RAND2_logo.gif ESPRIT Working Group
"Randomized Algorithms"
RAND2 (No. 21726)

 
University of Bonn -> Department of Computer Science -> Chair V
  • Keywords
  • Objectives and Approach
  • Workshops and Seminars
  • Results
  • Contact Point
  • Partner List
  • Links
  • Acknowledgements
  • Keywords

    Randomized algorithms, approximation algorithms,
    quantum computation, neural networks,
    combinatorial enumeration, randomized complexity theory,
    random generation of combinatorial structures, pseudorandom computation,
    randomized boolean and arithmetic circuits,
    computational learning theory.

    Objectives and Approach

    In recent years randomized algorithms, approximation algorithms and randomized complexity theory have become major subjects of study in the design of computer algorithms and in the theory of computation. For some computational problems, it appears now that randomized or pseudo-randomized algorithms are more efficient than the deterministic ones (in terms of hardware size, running time, circuits depths, transparent descriptions, etc.). The very striking examples recently are the new randomized approximation algorithms for enumerating the number of perfect matchings in certain classes of graphs or for some enumeration problems in the boolean algebra and the finite fields, new approximation schemes for instances of NP-hard problems, estimating the volume of convex bodies, and the quantum algorithms for factoring integers. Another breakthrough on estimating VC dimension and sample sizes of sigmoidal neural networds, the networks most frequently used in various applications, was achieved recently by the RAND researchers (using a combination of certain techniques from combinatorics, differential topology, algebraic geometry and model theory). Solutions to these problems have applications ranging from the algorithms and network design and coding theory to statistic mechanic and quantum field theory.

    In this new and fast growing area, we are confronted with the number of very fundamental questions for which the classical theory of computation knows only hardly the answers. It remains for example an important open question how much randomness is necessary to accomplish certain levels of efficiency in algorithms, and also how efficient the deterministic simulation of some classes of algorithms is possible. The proposal plans on continuing the research started in RAND and will address the above mentioned problems, and concentrate on:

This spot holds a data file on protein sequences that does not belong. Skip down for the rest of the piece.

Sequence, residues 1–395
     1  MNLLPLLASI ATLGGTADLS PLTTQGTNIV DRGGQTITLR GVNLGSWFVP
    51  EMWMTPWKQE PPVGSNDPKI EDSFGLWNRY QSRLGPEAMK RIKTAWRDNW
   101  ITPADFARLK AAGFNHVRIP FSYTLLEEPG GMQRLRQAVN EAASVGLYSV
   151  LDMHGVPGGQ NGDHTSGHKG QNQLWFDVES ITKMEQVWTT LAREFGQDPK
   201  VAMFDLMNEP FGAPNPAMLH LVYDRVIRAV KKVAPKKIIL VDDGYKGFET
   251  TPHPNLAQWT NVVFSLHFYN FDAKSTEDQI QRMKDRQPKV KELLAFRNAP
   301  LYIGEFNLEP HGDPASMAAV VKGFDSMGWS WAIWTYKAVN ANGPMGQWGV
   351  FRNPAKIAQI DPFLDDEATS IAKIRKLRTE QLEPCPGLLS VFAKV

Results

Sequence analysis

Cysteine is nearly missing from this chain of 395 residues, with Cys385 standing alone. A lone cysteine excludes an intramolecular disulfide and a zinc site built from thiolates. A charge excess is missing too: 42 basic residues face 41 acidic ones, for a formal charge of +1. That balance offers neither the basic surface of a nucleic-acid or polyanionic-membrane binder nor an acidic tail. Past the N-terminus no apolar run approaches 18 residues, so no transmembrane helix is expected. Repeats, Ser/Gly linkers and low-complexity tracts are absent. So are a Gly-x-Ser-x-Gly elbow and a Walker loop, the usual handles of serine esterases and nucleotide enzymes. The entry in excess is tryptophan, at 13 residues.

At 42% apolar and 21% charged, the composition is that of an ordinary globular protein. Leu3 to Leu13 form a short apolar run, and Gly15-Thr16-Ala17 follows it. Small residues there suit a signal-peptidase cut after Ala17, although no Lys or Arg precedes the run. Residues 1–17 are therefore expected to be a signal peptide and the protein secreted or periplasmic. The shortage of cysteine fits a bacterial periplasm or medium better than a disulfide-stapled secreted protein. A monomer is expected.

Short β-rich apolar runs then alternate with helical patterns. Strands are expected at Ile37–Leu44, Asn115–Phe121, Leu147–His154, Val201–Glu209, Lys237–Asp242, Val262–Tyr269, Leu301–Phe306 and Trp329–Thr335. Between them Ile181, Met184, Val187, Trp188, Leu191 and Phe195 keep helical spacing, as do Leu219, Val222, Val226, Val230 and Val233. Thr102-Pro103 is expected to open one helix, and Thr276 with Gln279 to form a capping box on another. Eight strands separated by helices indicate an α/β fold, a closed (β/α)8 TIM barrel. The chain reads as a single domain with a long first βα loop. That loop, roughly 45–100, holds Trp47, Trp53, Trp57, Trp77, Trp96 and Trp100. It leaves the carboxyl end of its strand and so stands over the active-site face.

1. Design of efficient (both sequential and parallel) randomized algorithms for some selected combinatorial, algebraic and geometric problems;
    2. Foundations of randomized complexity of computational problems;
    3. Randomized approximation problems;
    4. Computation with limited randomness resources (de-randomization methods);
    5. Error-Resilient ATM Based Transmission;
    6. Computational learning theory, theory of Neural Networks, and applications;
    7. Quantum Computation.

      The topic "Quantum Computation" extends the research program initiated in RAND - Working Group. We plan research on foundations of quantum computation, in particular on the power of quantum circuits, and the quantum approximation algorithms.

    The selection of the partners for this Working Group was based on the grounds of the relevance of their research towards the above topics. The extension of the RAND2 by the Weizmann Institute, Rehovot, was motivated by the relevance of the research conducted there towards topics (1) - (4).

    Workshops and Seminars

    1999 Program

    Esprit Working Group RAND2
    Workshop on Randomized Algorithms,
    Oxford,
    Sept. 19-22, 1999.

    Esprit Working Group RAND2
    Workshop on Randomized Algorithms
    Thursday 20th May - Saturday 22nd May, 1999
    Gif-sur-Yvette, Université de Paris-Sud

    1998 Program

    RAND Seminar
    University of Bonn


    Séminaire Complexité
    Université de Paris-Sud


    Esprit Working Group RAND2
    Workshop under the auspices of the
    International Center for Mathematical Sciences
    (ICMS)
    Friday 27th - Sunday 29th March, 1998
    Edinburgh

    1997 Program

    RAND Seminar
    University of Bonn


    Séminaire Complexité
    Université de Paris-Sud


    Esprit Working Group RAND2
    Workshop on Randomized Approximation Algorithms
    Saturday 20th - Monday 22nd September, 1997
    University of Leeds

    Results

    Annual Progress Report 1996 / 1997

    Contact Point

    Contact Person:
    Marek Karpinski

    Postal Address:
    Dept. of Computer Science
    Römerstr. 164
    53117 Bonn
    Germany

    Phone and Fax:
    +49 (0)228 734224 (office)
    +49 (0)228 734327 (secretary)
    +49 (0)228 734440 (fax)

    Email:
    marek@cs.uni-bonn.de

    Partner List

    Institution
    (with local RAND2 webpages)
    Contact Email
    University of Bonn Marek Karpinski marek@cs.uni-bonn.de
    University of Edinburgh Mark Jerrum mrj@dcs.ed.ac.uk
    University of Leeds Martin Dyer dyer@scs.leeds.ac.uk
    Lund University Andrzej Lingas Andrzej.Lingas@dna.lth.se
    Oxford University Dominic Welsh dwelsh@maths.ox.ac.uk
    Université de Paris-Sud Miklos Santha Miklos.Santha@lri.fr
    Weizmann Institute, Rehovot Moni Naor naor@wisdom.weizmann.ac.il
    Mail alias for all members of RAND2:
    rand2@cs.uni-bonn.de

    Links

    Acknowledgements

    Last Change: 08/18/99 at 13:00:39
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    University of Bonn -> Department of Computer Science -> Chair V

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